The current NBA season hasn’t been what fans are used to

By Pryce Jamison
March 7, 2021

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COVID-19 guidelines and protocols have been put into place by the NBA as their season kicked off late December. Following the success of the Orlando NBA bubble back in July to October, the league has used that momentum to get right back to operating, while having to enforce stricter rules with how all of the players are no longer enclosed in the same resort.

In this current season that is now running to the normal speed of things, certain changes were made to the format. It started later than usual, due to the last NBA season ending in mid-October. The NBA has enacted a 72-game regular season that is a shift from the usual 82-game length of an NBA season. It started on Dec. 22 and will end in mid-May. It will then transition into the playoffs, with the 2021 NBA Finals scheduled to be completed in July.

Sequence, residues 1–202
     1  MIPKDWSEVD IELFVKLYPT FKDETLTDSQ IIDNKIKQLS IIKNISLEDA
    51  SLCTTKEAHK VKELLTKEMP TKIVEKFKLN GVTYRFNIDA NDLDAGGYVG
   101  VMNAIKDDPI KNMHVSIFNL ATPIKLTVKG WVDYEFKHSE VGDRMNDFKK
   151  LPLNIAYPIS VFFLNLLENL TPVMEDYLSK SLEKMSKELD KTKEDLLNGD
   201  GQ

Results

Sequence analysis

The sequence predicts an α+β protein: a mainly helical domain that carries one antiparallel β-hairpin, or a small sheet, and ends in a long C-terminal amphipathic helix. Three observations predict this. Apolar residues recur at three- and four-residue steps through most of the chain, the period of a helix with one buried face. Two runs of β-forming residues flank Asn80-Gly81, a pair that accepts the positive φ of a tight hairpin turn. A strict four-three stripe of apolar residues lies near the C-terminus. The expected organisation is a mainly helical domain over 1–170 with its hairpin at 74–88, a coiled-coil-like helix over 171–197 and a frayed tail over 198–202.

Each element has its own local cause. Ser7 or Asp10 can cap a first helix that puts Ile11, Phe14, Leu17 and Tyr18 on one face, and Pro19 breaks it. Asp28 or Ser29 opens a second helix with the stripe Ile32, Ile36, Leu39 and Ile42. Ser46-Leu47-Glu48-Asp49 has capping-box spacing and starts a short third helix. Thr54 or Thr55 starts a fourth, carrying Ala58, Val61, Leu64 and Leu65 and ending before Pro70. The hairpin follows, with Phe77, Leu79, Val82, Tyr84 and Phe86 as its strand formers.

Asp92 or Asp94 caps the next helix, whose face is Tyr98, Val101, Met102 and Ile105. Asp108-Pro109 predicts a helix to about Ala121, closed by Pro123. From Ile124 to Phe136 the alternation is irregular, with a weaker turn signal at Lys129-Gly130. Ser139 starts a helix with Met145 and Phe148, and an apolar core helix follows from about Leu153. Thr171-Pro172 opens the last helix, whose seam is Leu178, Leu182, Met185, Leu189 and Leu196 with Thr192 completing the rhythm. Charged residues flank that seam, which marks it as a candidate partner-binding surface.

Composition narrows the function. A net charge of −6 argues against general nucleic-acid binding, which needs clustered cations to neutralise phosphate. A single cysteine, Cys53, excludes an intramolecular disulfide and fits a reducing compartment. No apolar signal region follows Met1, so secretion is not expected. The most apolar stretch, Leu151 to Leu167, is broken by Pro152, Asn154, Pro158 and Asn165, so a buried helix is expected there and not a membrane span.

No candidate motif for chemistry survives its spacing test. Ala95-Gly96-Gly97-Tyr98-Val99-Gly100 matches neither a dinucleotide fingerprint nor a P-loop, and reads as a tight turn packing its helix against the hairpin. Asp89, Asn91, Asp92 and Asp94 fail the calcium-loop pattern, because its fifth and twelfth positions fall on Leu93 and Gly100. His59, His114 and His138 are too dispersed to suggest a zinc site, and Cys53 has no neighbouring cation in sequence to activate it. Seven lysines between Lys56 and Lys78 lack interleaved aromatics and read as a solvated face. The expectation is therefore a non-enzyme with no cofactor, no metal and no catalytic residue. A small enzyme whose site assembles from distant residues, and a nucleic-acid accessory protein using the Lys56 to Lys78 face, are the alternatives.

As the United States is still combating this pandemic, the NBA understands that they need to be diligent and do the same in order to avoid a total failure. Like everyone expected, even with the stricter rules in place, players, coaches and staff will still catch the virus from time to time which has indeed happened. This has resulted in players missing games and not being cleared until being isolated for a certain amount of time. Game postponements have also been the result of certain team outbreaks, which is the case when a team doesn’t have at least eight players available to suit up. 

The Toronto Raptors and Orlando Magic matchup in Tampa bay, due to the fact that the Raptors have to play home games in a Tampa arena due to the travel restrictions with Canada. Photo from the Raptors’ Instagram page.